KABUL, Afghanistan — Afghan protests against the burning of a Quran in Florida entered a third day with a demonstrations in the south and east Sunday, while the Taliban called on people to rise up, blaming government forces for any violence.
The desecration at a small U.S. church has outraged Muslims worldwide, and in Afghanistan many of the demonstrations have turned into deadly riots. Protests in the north and south in recent days have killed 20 people.
In southern Kandahar city on Sunday, hundreds took to the streets for the second day in a row, and hospital officials said 20 people were hurt in skirmishes between police and demonstrators. On Saturday, nine people were killed and 80 injured when a protest turned into a riot.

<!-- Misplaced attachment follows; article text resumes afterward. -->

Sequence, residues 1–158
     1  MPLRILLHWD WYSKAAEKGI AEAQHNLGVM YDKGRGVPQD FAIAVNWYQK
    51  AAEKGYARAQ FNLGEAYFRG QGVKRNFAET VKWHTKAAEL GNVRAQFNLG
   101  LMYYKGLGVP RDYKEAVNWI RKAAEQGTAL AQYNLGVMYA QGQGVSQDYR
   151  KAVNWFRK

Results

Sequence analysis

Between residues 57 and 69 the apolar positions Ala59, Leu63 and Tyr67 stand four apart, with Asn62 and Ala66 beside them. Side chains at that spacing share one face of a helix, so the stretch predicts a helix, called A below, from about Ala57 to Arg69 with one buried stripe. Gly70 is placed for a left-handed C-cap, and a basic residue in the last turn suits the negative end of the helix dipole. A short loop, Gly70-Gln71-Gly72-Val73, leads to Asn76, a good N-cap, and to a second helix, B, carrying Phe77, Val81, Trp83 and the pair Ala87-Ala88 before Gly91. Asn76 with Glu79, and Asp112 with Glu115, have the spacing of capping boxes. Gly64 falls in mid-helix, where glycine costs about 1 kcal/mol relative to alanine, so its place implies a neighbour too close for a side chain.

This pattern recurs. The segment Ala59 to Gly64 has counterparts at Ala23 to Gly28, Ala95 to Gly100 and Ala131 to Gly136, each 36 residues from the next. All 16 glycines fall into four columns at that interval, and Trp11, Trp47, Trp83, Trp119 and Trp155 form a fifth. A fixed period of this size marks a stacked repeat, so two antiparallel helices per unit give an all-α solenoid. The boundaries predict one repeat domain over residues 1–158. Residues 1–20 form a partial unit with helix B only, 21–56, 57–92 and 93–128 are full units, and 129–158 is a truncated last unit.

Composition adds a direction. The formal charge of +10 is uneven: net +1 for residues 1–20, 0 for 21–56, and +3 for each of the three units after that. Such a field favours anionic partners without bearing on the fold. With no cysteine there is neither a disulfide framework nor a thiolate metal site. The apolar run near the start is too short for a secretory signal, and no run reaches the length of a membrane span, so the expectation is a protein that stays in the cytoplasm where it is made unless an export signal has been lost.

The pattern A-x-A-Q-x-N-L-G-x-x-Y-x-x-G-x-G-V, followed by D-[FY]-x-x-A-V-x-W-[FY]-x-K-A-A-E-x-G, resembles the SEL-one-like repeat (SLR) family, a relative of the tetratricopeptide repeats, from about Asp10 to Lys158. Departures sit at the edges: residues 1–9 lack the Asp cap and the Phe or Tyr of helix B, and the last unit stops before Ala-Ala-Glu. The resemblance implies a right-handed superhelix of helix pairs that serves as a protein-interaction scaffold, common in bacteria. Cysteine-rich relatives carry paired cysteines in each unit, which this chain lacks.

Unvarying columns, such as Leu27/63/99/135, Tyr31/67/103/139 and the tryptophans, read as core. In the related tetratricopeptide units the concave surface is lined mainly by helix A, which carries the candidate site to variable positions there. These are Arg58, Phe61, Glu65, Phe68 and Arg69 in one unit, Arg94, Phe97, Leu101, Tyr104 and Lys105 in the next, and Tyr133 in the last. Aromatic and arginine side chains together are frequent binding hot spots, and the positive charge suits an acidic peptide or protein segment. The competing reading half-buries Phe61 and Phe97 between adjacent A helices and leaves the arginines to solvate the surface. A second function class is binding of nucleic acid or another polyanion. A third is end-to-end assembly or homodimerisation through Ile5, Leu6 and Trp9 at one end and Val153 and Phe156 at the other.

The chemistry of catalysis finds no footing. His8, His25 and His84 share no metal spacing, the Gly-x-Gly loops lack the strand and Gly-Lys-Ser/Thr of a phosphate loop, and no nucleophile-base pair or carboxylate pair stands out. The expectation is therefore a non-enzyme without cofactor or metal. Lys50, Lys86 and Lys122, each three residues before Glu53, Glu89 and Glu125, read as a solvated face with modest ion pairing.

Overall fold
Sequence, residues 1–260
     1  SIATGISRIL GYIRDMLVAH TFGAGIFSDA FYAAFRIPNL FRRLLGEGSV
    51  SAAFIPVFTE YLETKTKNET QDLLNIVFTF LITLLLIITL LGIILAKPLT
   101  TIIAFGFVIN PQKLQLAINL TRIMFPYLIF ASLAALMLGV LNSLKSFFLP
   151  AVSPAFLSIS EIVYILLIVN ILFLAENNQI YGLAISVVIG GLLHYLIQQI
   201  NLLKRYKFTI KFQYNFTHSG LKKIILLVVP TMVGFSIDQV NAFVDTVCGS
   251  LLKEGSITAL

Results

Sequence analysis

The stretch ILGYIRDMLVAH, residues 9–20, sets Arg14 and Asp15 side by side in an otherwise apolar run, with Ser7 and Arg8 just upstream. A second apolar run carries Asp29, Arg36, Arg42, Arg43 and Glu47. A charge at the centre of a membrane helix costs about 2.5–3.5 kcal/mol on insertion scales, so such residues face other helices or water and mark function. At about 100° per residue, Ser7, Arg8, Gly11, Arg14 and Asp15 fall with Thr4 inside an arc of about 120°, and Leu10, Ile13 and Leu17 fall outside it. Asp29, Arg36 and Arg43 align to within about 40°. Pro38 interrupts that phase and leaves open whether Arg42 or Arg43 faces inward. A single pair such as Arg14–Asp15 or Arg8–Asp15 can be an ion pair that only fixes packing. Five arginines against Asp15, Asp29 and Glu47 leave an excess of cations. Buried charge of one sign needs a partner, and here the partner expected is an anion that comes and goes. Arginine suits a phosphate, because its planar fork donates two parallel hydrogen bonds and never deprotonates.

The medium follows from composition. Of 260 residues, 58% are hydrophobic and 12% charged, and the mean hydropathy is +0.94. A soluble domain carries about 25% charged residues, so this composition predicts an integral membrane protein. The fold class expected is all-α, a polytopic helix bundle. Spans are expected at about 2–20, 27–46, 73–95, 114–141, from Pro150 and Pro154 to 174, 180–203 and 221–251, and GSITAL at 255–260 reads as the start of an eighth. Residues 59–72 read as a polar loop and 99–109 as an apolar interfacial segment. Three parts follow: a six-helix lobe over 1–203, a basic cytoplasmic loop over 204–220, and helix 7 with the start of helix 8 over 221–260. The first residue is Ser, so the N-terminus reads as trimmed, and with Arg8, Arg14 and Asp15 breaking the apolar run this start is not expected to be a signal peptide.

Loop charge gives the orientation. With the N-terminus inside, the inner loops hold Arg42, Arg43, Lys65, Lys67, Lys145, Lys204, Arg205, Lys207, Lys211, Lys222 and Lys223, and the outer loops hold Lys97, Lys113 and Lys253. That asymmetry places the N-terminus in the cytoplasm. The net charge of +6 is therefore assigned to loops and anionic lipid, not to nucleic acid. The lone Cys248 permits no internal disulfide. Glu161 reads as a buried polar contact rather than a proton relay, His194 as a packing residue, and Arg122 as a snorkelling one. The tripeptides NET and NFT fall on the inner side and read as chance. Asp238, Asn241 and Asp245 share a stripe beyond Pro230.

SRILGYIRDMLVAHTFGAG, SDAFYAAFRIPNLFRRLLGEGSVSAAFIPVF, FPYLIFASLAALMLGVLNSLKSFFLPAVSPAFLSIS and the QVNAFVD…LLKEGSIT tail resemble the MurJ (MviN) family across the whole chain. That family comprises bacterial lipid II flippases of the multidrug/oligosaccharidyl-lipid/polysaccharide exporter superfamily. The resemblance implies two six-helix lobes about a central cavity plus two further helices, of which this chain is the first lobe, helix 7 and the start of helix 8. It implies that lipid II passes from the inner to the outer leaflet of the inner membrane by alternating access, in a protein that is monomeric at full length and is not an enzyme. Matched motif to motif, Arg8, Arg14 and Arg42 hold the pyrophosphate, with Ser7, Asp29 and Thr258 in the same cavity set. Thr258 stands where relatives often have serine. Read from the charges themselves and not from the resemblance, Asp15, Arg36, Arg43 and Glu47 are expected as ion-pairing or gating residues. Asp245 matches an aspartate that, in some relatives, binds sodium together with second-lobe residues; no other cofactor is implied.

At least two wounded police officers and 18 civilians had been brought into city hospitals, said Qayum Pokhla the provincial health director.
A morning protest in Jalalabad city was peaceful, with hundreds of people blocking a main highway for three hours, shouting for U.S. troops to leave and burning an effigy of President Barack Obama before dispersing, according to an Associated Press photographer at the scene.
A similar protest in eastern Parwan province blocked a main highway with burning tires for about an hour, with more than 1,000 people protesting against the desecration of the Quran, said provincial police chief Sher Ahmad Maladani. He said there was no violence.
The violence started Friday when demonstrators stormed a U.N. compound in the northern city of Mazar-i-Sharif, killing 11 people including seven foreign U.N. employees.
The Taliban said in a statement emailed to media outlets that the U.S. and other Western countries have wrongly excused the burning a Quran by the pastor of a Florida church on March 20 as freedom of speech and that Afghans "cannot accept this un-Islamic act."